Dr. Alma S. Adams

Washington, District of Columbia
United States

Focus Areas

Community & Civic Engagement
Community & Civic Engagement
Political Science
Public Sector / Government
Finance / Fundraising / Administration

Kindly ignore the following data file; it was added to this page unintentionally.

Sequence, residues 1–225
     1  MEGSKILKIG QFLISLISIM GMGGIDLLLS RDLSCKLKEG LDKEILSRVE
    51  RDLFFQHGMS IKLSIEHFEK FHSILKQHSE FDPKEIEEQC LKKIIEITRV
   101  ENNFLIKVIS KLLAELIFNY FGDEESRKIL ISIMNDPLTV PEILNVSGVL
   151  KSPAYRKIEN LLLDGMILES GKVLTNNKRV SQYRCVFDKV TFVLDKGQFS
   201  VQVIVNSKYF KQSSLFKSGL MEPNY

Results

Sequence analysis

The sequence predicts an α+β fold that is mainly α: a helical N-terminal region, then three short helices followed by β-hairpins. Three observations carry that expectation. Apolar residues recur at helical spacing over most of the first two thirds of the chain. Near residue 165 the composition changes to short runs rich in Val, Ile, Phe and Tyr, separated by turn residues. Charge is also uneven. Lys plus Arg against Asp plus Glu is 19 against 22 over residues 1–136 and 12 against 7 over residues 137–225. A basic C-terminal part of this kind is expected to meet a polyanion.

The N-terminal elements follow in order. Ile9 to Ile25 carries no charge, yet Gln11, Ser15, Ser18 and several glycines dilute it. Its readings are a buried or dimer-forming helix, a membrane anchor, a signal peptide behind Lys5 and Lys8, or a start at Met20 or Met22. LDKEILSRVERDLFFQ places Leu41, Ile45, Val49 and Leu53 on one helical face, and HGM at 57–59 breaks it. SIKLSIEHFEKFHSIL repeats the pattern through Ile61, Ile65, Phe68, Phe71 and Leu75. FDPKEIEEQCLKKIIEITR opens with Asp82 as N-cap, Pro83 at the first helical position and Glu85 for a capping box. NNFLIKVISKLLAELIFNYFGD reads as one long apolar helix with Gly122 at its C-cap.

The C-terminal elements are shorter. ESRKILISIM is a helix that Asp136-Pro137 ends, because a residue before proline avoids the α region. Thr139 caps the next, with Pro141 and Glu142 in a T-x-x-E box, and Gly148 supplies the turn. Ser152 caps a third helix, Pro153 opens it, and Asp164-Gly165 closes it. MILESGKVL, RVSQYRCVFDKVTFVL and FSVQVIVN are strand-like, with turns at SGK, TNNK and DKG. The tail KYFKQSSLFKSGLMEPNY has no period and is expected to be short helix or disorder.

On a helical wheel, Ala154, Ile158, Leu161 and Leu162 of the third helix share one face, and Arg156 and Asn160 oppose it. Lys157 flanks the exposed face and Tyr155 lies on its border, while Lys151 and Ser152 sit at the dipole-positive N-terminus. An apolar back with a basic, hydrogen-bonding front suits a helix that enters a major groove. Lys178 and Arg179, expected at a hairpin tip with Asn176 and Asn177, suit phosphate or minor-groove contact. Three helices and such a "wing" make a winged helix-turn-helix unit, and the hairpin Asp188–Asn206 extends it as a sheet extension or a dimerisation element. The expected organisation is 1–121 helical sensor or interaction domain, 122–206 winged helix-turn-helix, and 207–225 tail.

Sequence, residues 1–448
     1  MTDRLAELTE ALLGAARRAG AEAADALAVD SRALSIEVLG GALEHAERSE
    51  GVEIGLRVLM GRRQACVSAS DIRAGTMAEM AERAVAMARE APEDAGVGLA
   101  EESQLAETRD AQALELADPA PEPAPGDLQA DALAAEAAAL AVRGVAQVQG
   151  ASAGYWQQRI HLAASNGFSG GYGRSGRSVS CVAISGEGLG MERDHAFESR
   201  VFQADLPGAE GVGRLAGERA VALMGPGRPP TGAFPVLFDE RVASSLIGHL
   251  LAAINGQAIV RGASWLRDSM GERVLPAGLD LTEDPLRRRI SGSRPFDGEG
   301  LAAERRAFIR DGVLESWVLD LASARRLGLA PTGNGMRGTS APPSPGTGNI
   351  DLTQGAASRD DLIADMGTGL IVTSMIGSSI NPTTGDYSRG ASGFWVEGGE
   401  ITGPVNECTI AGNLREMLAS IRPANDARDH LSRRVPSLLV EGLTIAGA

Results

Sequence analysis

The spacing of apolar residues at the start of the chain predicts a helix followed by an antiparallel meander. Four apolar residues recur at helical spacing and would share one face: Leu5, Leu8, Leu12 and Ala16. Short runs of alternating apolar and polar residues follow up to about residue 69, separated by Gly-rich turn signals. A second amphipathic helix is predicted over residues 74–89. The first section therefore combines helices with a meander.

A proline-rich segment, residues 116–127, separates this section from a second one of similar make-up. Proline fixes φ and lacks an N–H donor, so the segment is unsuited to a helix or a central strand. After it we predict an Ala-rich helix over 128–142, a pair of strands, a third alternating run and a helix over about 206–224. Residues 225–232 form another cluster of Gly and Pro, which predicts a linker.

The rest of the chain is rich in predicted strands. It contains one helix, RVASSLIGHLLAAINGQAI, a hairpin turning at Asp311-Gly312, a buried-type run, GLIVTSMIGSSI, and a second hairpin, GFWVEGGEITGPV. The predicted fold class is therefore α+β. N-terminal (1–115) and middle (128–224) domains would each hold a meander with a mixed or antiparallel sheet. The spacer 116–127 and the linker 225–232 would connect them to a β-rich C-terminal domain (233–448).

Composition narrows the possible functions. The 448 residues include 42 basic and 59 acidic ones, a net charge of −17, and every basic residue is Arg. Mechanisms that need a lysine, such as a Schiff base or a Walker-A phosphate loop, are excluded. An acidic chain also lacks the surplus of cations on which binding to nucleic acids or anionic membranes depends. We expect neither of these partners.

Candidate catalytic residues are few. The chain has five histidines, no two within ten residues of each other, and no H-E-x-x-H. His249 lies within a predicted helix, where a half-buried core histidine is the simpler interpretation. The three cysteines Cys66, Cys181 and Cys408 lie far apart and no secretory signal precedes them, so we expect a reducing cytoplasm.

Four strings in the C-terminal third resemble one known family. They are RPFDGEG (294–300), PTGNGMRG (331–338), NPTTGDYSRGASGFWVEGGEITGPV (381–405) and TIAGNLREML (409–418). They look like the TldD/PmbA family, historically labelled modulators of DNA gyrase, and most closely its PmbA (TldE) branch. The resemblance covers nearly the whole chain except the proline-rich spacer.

Dr. Alma S. Adams was elected to her first term representing the 12th Congressional District of North Carolina on November 12, 2014. Representative Adams was elected in a special election and was sworn in immediately, making her the 100th woman elected to Congress, the most in U.S. history. Representative Adams sits on the Committee on Education and the Workforce, is part of the Women’s Caucus, Congressional Progressive Caucus and Art Caucus. Congresswoman Adams also serves a leadership role in the Democratic Caucus as Vice President for the 114th Congress’ freshmen class and serves as one of the Regional Whips of the Caucus. Throughout her career, Representative Adams has promoted quality education for all students, spearheading legislation to boost funds for Historically Black Colleges and Universities and provide nutritious breakfasts in schools, while supporting increased pay for teachers. For 40 years, Dr. Adams taught Art History at Bennett College. While at Bennett, she led the effort to increase student civic participation. Dr. Adams coined the phrase “Bennett Belles are Voting Bells” and organized a yearly march to the polls. As a former educator, Rep. Adams has dedicated her career to improving the lives of young people and her community. In 1994, Representative Adams was appointed by her peers to serve in the North Carolina House District 26 seat. She went on to serve ten terms in the state House. During her tenure, she rose to become the chair of the North Carolina Legislative Black Caucus and was instrumental in passing legislation that improved the climate for quality affordable health care in the state. A working mother of two, Alma pioneered the Displaced Homemakers Bill and successfully spearheaded the state’s first minimum wage increase in nine years. Before serving as a member of the North Carolina General Assembly, Congresswoman Adams became the first African American ever elected to the Greensboro County School Board. It was at that time that she made a lifetime commitment to effecting social change in her community and beyond. Congresswoman Adams has one daughter, Linda Jeanelle Lindsay and one son Billy E. Adams II. Adams graduated from North Carolina A&T State University in 1968 and received her master’s degree in Art Education in 1972. She earned her Ph.D. in Art Education and Multicultural Education from The Ohio State University in Columbus, Ohio in 1981.